• The United Negro College Fund: The United Negro College Fund is the largest organization dedicated to minority education in the United States. They offer a wide range of scholarships, fellowships, and internships to people of color across America. The organization's print publication, Invest in Better Futures, provides an annual report on minority education success in the United States.

Scholarships for Hispanic and Latino Counseling Students

PepsiCo Cesar Chavez Latino Scholarship
Who Can Apply: This scholarship is offered to full-time undergraduate Latino students studying in Arizona and California. Academic standing, leadership, extracurricular activities, and community service will all be taken into account. This scholarship will be offered until 2021. Applications may be downloaded from the organization's website and must be mailed.
Amount: $5,000

Hispanic Scholarship Fund
Who Can Apply: High school seniors, undergrads, graduate students, and community college students entering a four-year program are all eligible to apply. High school students must have a minimum 3.0 GPA, and undergraduate or graduate students must have a minimum 2.5 GPA. If applicable, students will be required to fill out FAFSA. All majors are eligible to apply.
Amount: $500-$5,000

HENAAC Scholars Program
Who Can Apply: Applicants should have a minimum 3.0 GPA and must be pursuing a STEM-related degree. Demonstration of leadership abilities in the Hispanic community is also preferred. Applications must be submitted online. A FAQ page is available and recommended for students to read before beginning an application.
Amount: $500-$10,000

La Unidad Latina Foundation Scholarship
Who Can Apply: Undergraduate applicants must have completed one full-time year of study, and graduate applicants must have completed one full-time semester of study. A minimum 2.8 GPA is required. Applications may be submitted online or via mail.
Amount: $500-$1,000

Professional Organizations for Hispanic and Latino Students

  • La Unidad Latina Foundation: La Unidad Latina Foundation fosters opportunities for Latino education across the world, offering scholarships and college preparation help to low-income, first-generation, and undocumented candidates. The organization offers a number of programs toward preparing disadvantaged Latino students for higher education, such as the Y Tu También program, which includes workshops, mentorships, and networking events.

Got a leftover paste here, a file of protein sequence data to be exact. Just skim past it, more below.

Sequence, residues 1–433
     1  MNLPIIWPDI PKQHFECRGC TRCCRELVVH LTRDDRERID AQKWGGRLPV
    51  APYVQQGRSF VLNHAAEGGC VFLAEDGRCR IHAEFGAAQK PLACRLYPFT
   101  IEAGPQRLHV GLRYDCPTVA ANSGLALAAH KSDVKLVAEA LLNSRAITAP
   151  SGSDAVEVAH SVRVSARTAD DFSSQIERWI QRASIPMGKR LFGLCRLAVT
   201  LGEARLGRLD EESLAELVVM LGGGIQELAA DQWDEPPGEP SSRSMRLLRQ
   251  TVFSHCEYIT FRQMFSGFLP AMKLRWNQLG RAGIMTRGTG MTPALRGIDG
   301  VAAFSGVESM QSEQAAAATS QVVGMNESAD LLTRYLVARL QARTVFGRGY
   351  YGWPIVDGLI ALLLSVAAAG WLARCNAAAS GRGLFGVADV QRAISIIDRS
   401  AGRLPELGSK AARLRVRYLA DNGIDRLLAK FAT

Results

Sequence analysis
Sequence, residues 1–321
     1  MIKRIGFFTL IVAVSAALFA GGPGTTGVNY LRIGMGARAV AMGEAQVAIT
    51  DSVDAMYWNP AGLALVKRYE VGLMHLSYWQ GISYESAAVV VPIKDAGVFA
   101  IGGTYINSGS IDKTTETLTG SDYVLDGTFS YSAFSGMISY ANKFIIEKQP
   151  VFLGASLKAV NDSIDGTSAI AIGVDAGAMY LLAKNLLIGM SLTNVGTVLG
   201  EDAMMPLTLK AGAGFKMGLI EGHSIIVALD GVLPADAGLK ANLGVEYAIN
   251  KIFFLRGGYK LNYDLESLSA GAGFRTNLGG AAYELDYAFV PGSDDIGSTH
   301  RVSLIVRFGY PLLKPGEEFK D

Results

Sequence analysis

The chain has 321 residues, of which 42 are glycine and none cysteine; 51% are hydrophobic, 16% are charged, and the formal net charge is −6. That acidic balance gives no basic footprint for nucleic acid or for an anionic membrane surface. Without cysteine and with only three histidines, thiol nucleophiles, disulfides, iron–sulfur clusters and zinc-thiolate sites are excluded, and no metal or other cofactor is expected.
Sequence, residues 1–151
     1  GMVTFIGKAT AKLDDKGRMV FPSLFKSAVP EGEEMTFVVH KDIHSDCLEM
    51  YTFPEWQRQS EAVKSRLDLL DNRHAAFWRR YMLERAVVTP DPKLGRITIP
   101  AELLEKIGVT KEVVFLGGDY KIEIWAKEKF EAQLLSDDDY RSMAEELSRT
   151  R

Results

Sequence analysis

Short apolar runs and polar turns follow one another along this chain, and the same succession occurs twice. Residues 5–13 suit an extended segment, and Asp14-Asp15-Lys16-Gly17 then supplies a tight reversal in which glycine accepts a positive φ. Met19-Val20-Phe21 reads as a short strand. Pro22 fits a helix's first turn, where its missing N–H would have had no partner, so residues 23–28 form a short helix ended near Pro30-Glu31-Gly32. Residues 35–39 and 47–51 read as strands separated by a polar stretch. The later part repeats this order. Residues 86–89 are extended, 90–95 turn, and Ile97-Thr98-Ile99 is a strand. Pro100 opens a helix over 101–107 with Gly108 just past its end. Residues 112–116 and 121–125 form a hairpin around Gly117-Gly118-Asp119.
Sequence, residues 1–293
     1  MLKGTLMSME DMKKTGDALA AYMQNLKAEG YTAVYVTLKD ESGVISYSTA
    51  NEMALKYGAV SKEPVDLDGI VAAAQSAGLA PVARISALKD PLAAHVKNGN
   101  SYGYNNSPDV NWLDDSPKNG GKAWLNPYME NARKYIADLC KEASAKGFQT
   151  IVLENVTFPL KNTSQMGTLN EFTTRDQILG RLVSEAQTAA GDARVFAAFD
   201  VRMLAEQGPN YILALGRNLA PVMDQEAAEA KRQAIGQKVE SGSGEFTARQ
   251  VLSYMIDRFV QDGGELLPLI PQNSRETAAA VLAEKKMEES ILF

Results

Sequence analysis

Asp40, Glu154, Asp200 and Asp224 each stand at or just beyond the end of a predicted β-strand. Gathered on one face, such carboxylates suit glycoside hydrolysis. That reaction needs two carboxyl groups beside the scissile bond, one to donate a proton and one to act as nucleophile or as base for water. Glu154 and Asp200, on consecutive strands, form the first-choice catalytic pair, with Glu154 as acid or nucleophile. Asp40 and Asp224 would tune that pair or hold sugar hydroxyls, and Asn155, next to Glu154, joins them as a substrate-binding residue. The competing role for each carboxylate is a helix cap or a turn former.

• The Hispanic Scholarship Fund: The Hispanic Scholarship Fund provides resources to Latino/Hispanic students through an array of scholarships, college preparation resources, and conferences. HSF also provides young scholars with networking opportunities on subjects ranging from STEM studies to media. The fund also offers courses through its own online school.
  • Cesar Chavez Foundation: The Cesar Chavez Foundation offers a number of scholarships to Latino/Hispanic students in addition to a wide range of social advocacy programs, including tutoring programs for Latino students in school districts throughout California and learning centers within the organization’s affordable housing properties in Arizona, California, New Mexico, and Texas.

Scholarships for Native American Counseling Students

AAIA Sequoyah Graduate Scholarship
Who Can Apply: Applicants must provide proof of tribal enrollment. Students must be enrolled full-time with a minimum 2.5 GPA and pursuing an associate degree or above. A detailed FAQ page is available with additional information on topics such as qualifications and eligibility.
Amount: $1,500

Osage Nation Higher Education Scholarship
Who Can Apply: Applicants must be members of the Osage nation, pursuing higher education at an associate level or higher, and maintain a minimum 2.0 GPA. The application may be downloaded here. An additional opportunity, the Career Training Scholarship, is also available, though students may not receive both the Higher Education and Career Training scholarships.
Amount: Varies

American Indian College Fund Scholarships